In his acceptance speech, the Palme d’Or winner reiterated his sincerity with the subject matter of sex workers who still suffer the burden of an “unfair stigma”. He dedicated his award to “all sex workers, past, present and future.” Anora is Sean Baker’s fifth film that deals with the subject of sex workers. “I did not know I would go that direction. It happened organically,” remarked Baker during his press conference in Cannes. The indie filmmaker got introduced to the adult film world while doing research for his drama Starlet (2012) and has befriended many sex workers over the years. As a writer and director, his goal is to help decriminalize the oldest profession in the world by telling their “stories with universal meaning in the hopes that everyone can identify with their plight, on an emotional level.”

Today on a worldwide scale, there are approximately 52 million people that work in the sex industry, making it an estimated $180 billion enterprise. In the United States, prostitution is illegal in all states except in Nevada, where licensed brothels are legal in some rural counties, except for the metropolitan areas such as Las Vegas and Reno. Though illegal, the sex trade continues to flourish, with up to two million workers grossing a staggering $14 billion annually.

Sex services are offered through escort services, massage parlors, strip clubs, sex shops, adult movie theaters, peep shows, sex clubs, and street prostitution. In California prostitution is illegal, while escort service is legal, since it is considered companionship without physical engagement. To decriminalize the sex industry, the state of Maine has legalized selling sex, however buying sex is still illegal. In Rhode Island, indoor prostitution was decriminalized from 1980 to 2009, but since 2009, buying and selling sex is charged as a misdemeanor. Texas has become the first US state where buying sex is a felony with an up to two-year jail time. In Louisiana, convicted prostitutes are required to register as sex offenders. Each year approximately 80,000 people are arrested for prostitution in the United States. With his film Baker may ignite a debate about work conditions of sex workers in the USA however it is very unlikely that the legal status will change any time soon.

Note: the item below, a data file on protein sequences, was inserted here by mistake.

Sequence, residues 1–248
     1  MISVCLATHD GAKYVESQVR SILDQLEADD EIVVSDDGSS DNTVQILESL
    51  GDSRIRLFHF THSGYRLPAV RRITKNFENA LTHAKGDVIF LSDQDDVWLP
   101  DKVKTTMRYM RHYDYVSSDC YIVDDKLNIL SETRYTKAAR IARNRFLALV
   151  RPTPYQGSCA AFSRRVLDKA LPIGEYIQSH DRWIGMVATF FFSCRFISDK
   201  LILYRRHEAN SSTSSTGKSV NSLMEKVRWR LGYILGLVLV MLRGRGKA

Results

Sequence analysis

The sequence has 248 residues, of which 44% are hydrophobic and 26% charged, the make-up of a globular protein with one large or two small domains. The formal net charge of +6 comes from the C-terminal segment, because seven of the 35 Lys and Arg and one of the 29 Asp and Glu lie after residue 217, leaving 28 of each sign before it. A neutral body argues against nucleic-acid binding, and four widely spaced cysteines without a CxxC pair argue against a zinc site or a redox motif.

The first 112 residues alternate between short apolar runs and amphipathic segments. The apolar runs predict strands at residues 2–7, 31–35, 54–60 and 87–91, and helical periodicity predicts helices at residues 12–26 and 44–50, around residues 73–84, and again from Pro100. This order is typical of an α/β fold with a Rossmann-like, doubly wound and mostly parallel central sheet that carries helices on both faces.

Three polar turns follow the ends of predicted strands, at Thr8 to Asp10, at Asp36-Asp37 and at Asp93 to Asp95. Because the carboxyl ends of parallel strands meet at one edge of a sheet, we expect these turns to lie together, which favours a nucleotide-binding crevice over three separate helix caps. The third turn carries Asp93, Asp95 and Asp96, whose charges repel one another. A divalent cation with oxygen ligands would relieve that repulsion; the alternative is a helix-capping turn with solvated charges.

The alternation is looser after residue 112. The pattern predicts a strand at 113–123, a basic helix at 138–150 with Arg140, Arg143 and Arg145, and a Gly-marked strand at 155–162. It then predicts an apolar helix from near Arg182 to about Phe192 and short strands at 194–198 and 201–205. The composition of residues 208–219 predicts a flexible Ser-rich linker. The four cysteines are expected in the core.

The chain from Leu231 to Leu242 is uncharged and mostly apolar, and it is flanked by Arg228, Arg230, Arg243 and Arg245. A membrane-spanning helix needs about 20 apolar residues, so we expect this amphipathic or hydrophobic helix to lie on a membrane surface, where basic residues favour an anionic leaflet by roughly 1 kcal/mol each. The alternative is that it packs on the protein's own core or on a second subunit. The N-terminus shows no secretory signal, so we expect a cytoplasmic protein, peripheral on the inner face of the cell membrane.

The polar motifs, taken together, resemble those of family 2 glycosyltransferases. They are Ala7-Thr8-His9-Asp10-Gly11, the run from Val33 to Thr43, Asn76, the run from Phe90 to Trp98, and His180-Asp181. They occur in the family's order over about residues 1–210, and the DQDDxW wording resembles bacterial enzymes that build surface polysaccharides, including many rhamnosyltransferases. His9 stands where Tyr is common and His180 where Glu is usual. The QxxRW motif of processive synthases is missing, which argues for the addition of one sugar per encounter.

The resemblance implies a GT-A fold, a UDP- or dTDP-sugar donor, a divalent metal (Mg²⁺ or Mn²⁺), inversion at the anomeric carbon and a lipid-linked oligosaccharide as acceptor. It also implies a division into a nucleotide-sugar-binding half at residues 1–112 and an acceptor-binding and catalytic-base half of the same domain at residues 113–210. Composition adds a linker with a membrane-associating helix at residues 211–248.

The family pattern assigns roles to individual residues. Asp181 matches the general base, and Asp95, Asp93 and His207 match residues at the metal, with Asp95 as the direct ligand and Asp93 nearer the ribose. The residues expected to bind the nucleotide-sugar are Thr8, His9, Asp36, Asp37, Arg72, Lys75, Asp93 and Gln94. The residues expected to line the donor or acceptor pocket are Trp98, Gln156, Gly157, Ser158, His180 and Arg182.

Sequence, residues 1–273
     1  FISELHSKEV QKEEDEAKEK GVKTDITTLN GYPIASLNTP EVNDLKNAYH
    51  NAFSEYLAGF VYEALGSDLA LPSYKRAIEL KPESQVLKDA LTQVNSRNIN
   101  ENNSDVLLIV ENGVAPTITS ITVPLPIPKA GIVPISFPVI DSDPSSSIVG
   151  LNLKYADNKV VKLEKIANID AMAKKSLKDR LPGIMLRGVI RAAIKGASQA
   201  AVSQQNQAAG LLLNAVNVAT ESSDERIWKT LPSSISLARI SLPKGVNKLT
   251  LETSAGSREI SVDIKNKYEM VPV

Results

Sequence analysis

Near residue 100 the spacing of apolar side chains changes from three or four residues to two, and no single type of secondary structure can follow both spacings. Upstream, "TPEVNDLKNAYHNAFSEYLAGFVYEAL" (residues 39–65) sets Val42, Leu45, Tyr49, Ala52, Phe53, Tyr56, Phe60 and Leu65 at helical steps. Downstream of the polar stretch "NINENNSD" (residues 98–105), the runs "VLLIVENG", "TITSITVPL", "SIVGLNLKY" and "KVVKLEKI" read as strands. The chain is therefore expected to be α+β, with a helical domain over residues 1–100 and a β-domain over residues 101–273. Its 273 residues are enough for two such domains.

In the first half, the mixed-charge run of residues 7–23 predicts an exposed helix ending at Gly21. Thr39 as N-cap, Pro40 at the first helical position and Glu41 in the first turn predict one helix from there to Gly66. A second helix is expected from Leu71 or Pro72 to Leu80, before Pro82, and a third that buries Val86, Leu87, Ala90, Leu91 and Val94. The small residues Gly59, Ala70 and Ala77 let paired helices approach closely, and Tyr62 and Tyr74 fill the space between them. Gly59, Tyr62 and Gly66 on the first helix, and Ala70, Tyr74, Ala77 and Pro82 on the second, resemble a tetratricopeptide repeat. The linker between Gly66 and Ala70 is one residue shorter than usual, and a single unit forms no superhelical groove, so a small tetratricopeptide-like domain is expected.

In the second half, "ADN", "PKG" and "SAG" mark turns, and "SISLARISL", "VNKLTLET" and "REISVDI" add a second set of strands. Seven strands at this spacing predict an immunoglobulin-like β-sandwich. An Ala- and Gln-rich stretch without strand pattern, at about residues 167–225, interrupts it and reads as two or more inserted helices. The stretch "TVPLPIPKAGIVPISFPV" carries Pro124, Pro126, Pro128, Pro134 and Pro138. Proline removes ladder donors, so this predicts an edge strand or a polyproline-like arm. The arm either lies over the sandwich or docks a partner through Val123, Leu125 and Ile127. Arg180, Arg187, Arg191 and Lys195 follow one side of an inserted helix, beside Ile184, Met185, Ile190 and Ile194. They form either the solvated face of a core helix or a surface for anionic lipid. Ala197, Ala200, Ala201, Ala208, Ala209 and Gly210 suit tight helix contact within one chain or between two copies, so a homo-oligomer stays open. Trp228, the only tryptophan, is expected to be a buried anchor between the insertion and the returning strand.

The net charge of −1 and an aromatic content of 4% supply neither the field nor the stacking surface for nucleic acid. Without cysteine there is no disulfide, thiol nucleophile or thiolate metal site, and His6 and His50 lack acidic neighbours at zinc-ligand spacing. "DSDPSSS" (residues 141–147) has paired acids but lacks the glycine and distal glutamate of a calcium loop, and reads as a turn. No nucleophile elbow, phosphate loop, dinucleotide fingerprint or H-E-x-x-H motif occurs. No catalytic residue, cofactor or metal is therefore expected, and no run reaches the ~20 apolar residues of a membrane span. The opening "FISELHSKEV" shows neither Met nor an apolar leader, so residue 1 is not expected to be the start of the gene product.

Sean Baker wrote the title role of Anora specifically for newcomer Mikey Madison who delivers a powerful, fearless, foul-mouthed, yet charmingly sweet performance. This will most likely earn her a Golden Globe and Oscar nomination, as it did Julia Roberts thirty-five years ago.

Winning the Palme d’Or was clearly an honor for Baker, as the 53-year-old filmmaker said in his acceptance speech, that this was “literally my singular goal as a filmmaker for the past 30 years, so I’m not really sure what I’m going to do with the rest of my life. But I do know that I will continue to fight for cinema because right now as filmmakers, we have to fight to keep cinema alive. This means making feature films intended for theatrical exhibition… I see the future of cinema as where it started: in a movie theater,” he said. 

Barbara Gasser
Edited by Savina Petkova